25th Sunday after Pentecost—Year B—November 15, 2015
Preached at Grace Lutheran Church, Chesapeake
Let the words of my mouth and the mediations of our hearts be acceptable in your sight, oh Lord, our strength and redeemer. Amen.
As I warned you last week, we hear Jesus this Jesus foretell the destruction of the temple, and he goes on to say that the coming wars, earthquakes, and famines are only going to be the beginning of the “birth pangs” the devastation that will come before the final in-breaking of the kin-dom of God. Many call this portion of Mark’s Gospel “the little apocalypse.” And Jesus is by no means the only one ever to pontificate about the end of the world…or as we have come to talk about it…the apocalypse or Armageddon.
Fun fact: these terms did not originally apply to the event itself. The word Armageddon appears once in the New Testament, in Revelation 16:16. None of the twelve mentions in the Old Testament refer to any prophecy or prediction. It is place, “har” in Hebrew meaning “mountain” and “Megiddo” being a well-known location in the Northern part of Israel. I have actually been to Megiddo, and it is not actually a mountain by common definition, but a hill that was built up over time by successive inhabitants building on top of previous settlements. Megiddo has been a key location to defend for many civilizations and many ages as it is along the main landed trade route running North/South, connecting Africa and what we know call Europe. Because of its location and importance, it has been the site of many great battles, which is one guess of why it is mentioned in Revelation. People of the day knew that great battles had taken place there, and so it was easy to imagine that THE great battle—the end of the world would take place there. Over time, the name of the place “har meggido” has become synonymous with the battle to come, and so we commonly refer to the end of the world, the event, as Armageddon. Just think of the 1998 film of that name starring Bruce Willis & Ben Affleck.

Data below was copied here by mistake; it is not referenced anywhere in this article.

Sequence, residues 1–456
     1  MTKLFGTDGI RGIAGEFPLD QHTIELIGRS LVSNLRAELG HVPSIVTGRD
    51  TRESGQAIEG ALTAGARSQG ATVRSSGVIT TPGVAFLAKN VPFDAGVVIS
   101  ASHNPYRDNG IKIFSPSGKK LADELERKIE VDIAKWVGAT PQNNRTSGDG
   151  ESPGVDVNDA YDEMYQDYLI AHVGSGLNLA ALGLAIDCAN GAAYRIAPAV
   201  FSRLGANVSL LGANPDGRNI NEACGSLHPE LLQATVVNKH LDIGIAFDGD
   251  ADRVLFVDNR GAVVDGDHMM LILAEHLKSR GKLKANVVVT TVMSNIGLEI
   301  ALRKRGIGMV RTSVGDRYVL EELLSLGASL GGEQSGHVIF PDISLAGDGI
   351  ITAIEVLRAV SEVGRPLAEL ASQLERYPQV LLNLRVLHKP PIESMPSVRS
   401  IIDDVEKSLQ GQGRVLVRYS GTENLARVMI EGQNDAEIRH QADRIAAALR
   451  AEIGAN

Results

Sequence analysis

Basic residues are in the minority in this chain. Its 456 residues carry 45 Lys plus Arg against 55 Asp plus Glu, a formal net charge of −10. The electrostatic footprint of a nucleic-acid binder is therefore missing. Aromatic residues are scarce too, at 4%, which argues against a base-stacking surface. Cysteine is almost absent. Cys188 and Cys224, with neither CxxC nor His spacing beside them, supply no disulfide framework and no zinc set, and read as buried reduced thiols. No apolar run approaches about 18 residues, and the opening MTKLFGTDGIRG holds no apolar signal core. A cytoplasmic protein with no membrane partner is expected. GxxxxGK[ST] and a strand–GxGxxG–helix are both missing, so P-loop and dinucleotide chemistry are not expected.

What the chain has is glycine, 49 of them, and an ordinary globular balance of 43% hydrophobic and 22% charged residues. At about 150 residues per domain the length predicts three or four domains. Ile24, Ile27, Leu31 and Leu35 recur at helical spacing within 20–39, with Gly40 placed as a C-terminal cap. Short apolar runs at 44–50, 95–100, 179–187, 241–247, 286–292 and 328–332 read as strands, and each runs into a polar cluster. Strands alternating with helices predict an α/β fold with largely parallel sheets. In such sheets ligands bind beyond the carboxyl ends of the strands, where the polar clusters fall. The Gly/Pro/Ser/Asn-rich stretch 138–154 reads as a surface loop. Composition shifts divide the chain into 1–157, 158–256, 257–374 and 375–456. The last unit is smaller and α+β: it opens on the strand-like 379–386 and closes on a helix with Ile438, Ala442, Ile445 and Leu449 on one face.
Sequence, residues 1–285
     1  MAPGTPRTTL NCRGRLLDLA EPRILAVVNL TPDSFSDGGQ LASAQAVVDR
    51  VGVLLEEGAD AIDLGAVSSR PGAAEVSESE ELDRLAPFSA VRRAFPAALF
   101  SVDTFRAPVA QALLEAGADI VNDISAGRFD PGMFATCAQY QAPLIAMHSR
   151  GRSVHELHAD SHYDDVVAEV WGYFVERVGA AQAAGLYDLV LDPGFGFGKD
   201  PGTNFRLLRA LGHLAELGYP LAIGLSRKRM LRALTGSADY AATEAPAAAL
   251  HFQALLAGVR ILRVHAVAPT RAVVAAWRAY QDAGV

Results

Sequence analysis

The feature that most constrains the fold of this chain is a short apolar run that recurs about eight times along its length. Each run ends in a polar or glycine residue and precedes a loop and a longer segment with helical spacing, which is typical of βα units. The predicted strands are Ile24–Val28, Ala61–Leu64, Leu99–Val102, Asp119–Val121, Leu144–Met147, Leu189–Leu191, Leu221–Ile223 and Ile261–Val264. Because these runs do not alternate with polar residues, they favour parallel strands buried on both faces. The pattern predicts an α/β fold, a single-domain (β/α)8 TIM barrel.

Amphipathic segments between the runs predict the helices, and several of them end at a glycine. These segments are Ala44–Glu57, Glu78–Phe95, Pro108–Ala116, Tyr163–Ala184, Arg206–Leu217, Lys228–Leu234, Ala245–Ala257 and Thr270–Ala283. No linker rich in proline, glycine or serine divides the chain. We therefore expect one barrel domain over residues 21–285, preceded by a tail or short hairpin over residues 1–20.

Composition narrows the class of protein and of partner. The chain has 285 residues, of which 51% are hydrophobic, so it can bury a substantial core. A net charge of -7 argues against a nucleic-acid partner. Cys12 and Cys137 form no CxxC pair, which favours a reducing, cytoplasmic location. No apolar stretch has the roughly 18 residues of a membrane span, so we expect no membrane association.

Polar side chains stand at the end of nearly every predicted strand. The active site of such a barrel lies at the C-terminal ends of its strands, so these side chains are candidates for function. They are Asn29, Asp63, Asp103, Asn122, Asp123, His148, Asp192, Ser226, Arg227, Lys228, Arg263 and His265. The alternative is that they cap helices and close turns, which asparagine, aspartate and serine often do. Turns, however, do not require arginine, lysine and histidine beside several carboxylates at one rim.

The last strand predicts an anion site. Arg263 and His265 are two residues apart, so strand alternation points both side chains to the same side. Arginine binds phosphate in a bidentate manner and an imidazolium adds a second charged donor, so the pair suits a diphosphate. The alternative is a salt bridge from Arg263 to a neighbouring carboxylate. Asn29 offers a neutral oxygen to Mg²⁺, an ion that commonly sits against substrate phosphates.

Similarly, our use of the word apocalypse is not exactly what the word literally means or how it was used biblically either. Instead of referring to the event itself—the end of the world—an apocalypse is simply a telling about it. From the Greek, it literally means, “uncovering” or “revealing.” As in the book of Revelation, we hear a description about the end of the world as we know it as it was seen in a vision, but we also hear of a dream depicting the end of the world in the book of Daniel, but Jesus also gives us an apocalypse in the synoptic gospels—about the destruction of the temple and the coming of the Son of Man.
When asked “when” by the disciples, Jesus warns them not to be led astray and proceeds to never directly answer their question. He does say though that bad things will lead up to it—war, earthquakes, famines will just be the beginning.
This is not much to go on, but it hasn’t stopped people from doing it. I can’t tell you how many times someone has predicted Judgment Day in my lifetime—December 21, 2012, Harold Camping’s prediction (and revised prediction), Y2K, etc—let alone throughout the history of the world. I have spent way too much time this week reading about such predictions online this week.
Honestly though, when has there been a time in the history as we know it that there weren’t wars, famines, and major natural disasters.
Still, predicting the end of days can be interesting to think about and surely read about, but what does it really gain us?
If you knew when Jesus was going to return what would you hurry up and change?
Why not change those things now?
We cannot be sure of when. Unfortunately Jesus reminds us of a thing we can be sure…
- Bad things happen
- Famines, war, natural disasters
- Illness, death, devastation
- We even got another reminder this week in Paris–gun shots, explosions, terror
- My common refrain when such things happen is “Come Lord Jesus, Come” i.e. “hurry up already”!
But Jesus throughout his ministry also reminds us that God is ultimately in control, and that because of his death and resurrection, the End will is not actually the end of everything…just things as we know them.
So this week, I pray that we might take some further advice from the letter to the Hebrews on how to spend the time we have left: “let us consider how to provoke one another to love and good deeds, not neglecting to meet together, as is the habit of some, but encouraging one another, and all the more as you see the Day approaching.” (Hebrew 10:23-25)…for even though we don’t know exactly when, the Day is approaching, but also it is just the good and faithful thing to do in response to God’s love and promises. But above all, let us ever stay focused on what we know for sure, especially when reminded of all that we do not know for sure…in the words of Hebrews: “let us hold fast to the confession of our hope without wavering, for he who has promised is faithful.” Amen.